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Entertainment News: RIP Cliff Robertson

Cliff Robertson in his Oscar-winning performance as "Charly."
ABC Pictures/Cinerama Releasing Corporation
Cliff Robertson in his Oscar-winning performance as "Charly."

Oscar-Winning Actor Passed Away One Day After Turning 88

Actor Cliff Robertson, who won a Best Actor Oscar for his role as a mentally handicapped man in "Charly" (1968), died of natural causes Saturday, one day after his 88th birthday. He was born in La Jolla on September 9, 1923 and attended La Jolla High. He had also owned a landmark beachfront home in La Jolla.

The actor got his start in the 1955 "Picnic," and also starred in a series of teleplays during TV's Golden Age of "Playhouse 90" and "Robert Montgomery Presents." He was chosen by John F. Kennedy to portray the younger US Navy Lieutenant Kennedy in the World War II drama "PT 109" (1963).

Robertson originated the role of Charly Gordon in the 1961 television drama "The Two Worlds of Charly Gordon," based on the story "Flowers for Algenon" by Daniel Keyes. He bought the rights to Keyes' story and spent years trying to bring it to the big screen. He eventually went on to reprise the role in "Charly" in 1968, which won him the Oscar.

Off screen Robertson campaigned for Congressman Mo Udall in 1976, and wrote a poem for Udall's funeral. In 1977, he gained notoriety (as well as a period of blacklisting) for exposing a check forging and embezzling scandal at Columbia Pictures. He was also known for his passion for sailplanes and was inducted into the National Aviation Hall of Fame in 2006.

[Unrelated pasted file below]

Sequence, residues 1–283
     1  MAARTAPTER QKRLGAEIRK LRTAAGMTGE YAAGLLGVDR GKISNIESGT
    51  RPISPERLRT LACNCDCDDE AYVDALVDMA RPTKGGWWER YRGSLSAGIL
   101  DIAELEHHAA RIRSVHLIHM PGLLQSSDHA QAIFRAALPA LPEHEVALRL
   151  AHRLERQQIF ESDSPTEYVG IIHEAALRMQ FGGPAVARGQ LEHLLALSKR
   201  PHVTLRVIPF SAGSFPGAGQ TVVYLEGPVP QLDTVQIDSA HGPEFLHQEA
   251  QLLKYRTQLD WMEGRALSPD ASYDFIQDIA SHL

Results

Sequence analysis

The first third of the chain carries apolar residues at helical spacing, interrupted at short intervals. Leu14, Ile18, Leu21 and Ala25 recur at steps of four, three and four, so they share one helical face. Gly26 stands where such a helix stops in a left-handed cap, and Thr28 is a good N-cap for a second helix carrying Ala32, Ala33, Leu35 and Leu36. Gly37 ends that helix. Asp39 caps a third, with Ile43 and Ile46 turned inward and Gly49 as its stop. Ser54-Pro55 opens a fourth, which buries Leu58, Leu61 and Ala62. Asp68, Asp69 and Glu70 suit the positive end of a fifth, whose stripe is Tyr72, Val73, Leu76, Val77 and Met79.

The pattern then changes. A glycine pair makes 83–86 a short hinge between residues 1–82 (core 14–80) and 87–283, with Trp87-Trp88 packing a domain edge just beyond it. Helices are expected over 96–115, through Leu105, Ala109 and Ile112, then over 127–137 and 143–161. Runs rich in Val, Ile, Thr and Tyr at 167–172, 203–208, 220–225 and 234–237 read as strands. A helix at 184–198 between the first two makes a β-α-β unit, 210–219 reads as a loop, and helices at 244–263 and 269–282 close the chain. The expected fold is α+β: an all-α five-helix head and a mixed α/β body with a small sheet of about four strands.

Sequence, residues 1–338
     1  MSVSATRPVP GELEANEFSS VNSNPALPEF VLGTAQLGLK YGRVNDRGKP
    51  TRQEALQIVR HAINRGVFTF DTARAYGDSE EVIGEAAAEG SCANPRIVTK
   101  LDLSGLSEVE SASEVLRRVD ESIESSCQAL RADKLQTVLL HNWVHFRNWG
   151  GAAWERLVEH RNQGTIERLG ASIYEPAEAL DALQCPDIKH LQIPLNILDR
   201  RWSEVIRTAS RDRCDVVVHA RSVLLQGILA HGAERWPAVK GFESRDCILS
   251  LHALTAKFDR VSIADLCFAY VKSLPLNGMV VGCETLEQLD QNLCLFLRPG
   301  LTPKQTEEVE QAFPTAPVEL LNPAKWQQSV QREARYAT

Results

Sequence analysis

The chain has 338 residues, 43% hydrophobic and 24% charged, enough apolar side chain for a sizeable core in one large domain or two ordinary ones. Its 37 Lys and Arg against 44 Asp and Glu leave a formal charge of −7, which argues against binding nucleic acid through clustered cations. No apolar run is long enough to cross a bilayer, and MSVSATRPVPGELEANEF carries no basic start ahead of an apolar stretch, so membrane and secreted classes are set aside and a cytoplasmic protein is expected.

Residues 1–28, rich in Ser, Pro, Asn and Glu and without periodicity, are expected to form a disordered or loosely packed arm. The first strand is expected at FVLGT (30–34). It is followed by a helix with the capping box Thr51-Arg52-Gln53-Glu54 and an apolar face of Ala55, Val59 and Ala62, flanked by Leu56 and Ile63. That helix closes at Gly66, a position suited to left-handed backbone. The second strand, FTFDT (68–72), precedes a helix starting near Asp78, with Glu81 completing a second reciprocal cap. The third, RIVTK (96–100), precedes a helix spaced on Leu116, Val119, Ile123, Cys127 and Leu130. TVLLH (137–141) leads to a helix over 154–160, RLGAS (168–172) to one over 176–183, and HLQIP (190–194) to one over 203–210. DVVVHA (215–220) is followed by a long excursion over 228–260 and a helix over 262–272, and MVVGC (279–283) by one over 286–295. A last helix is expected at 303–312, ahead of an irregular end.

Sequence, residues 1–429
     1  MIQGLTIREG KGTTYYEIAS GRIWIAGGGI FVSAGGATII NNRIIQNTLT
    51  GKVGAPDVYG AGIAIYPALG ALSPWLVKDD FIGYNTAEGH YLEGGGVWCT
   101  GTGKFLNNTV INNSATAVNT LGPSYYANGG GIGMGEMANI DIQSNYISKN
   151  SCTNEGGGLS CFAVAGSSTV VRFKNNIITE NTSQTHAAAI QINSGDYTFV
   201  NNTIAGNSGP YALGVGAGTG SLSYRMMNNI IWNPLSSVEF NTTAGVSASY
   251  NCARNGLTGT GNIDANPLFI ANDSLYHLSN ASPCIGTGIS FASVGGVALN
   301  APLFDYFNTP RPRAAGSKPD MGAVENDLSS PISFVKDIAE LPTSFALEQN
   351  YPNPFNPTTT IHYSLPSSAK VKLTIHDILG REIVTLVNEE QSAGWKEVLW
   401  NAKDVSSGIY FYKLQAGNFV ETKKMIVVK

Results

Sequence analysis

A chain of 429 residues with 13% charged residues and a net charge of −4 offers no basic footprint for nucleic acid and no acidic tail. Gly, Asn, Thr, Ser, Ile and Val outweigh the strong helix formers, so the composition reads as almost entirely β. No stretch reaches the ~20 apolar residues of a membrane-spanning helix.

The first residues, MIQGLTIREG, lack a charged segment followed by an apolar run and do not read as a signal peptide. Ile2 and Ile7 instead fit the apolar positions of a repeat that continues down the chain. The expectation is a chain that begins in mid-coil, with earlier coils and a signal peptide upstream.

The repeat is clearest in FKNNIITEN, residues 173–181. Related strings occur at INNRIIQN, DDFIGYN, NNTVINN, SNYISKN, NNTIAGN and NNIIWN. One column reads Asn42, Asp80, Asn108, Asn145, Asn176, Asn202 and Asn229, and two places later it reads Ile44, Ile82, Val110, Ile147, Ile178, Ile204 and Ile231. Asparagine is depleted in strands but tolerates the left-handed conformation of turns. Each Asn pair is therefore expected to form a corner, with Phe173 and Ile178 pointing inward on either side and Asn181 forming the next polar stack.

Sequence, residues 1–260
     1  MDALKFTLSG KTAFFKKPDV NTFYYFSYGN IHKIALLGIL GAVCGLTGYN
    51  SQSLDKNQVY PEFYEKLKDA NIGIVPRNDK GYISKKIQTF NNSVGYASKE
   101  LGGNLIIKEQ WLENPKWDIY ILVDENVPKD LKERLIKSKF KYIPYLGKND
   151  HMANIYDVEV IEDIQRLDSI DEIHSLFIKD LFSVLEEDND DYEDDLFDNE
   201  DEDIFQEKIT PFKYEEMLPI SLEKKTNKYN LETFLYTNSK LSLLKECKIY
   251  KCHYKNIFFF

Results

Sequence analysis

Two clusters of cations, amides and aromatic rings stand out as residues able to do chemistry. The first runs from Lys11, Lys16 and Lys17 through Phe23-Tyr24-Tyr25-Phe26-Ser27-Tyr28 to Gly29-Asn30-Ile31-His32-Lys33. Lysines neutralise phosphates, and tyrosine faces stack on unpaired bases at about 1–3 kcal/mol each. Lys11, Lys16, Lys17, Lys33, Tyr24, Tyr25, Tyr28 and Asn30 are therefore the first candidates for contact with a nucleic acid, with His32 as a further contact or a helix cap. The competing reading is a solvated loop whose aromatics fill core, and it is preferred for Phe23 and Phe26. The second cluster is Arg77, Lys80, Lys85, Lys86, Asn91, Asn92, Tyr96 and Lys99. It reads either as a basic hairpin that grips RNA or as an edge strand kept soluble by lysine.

Robertson made some forgettable films like the Joan Crawford vehicle "Autumn Leaves" and some silly ones like the teen film "Gidget," where he played The Big Kahuna (he's the one surfing with a hat on in the clip below).

He tried his hand at directing, helming one TV episode and two feature films, "J.W. Coop" and "The Pilot." He never really became a Hollywood star but he consistently got leading roles in major films and delivered impressive performances. More recently his career got a boost from playing Uncle Ben in the "Spider-Man" movies. As Uncle Ben he got to deliver the famous line, "Remember, with great power. comes great responsibility."

On his personal website, you can find information about his charitable work as well as a song he wrote for the late Johnny Cash.

He worked successfully in Hollywood but never quite bought into the Hollywood lifestyle and had described himself as "too independent" to really play the Hollywood game. He leaves behind a collection of great performances as well as a legacy of activism and charitable giving. He will be missed.